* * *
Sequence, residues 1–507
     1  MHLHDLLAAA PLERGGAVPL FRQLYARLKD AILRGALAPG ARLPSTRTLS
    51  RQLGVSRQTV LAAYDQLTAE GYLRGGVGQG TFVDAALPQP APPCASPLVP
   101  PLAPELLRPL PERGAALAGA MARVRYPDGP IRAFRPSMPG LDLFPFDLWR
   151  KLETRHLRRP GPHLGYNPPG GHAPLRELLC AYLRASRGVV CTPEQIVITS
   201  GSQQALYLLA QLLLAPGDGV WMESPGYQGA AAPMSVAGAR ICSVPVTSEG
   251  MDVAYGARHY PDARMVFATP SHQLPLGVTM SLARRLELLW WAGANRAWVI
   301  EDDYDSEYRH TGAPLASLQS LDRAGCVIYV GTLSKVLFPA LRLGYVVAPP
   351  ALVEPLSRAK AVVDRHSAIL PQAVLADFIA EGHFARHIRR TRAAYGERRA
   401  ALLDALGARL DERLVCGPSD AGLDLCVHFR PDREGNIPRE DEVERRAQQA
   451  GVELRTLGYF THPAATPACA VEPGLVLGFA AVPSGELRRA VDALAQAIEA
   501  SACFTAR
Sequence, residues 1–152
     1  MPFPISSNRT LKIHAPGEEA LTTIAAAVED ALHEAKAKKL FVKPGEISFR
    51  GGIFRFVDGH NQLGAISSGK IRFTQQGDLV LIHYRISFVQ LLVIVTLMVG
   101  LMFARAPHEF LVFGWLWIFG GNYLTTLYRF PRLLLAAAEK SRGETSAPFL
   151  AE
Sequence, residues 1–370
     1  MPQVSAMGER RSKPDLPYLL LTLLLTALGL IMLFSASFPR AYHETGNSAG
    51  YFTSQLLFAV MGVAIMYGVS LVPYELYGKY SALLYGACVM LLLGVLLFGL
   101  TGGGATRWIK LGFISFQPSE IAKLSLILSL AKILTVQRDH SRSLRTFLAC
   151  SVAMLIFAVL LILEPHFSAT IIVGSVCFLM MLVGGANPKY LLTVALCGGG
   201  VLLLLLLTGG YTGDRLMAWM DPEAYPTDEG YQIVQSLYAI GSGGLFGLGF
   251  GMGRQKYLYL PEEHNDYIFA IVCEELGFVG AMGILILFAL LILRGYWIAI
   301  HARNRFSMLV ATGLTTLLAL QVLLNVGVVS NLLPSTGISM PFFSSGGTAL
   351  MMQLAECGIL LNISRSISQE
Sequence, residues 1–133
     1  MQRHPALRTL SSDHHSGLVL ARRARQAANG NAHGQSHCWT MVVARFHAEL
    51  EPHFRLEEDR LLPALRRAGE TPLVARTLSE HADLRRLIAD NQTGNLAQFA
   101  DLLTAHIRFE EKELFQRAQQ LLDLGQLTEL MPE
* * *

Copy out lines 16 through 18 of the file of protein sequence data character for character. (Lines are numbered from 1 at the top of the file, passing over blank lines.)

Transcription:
   101  LMFARAPHEF LVFGWLWIFG GNYLTTLYRF PRLLLAAAEK SRGETSAPFL
   151  AE
Sequence, residues 1–370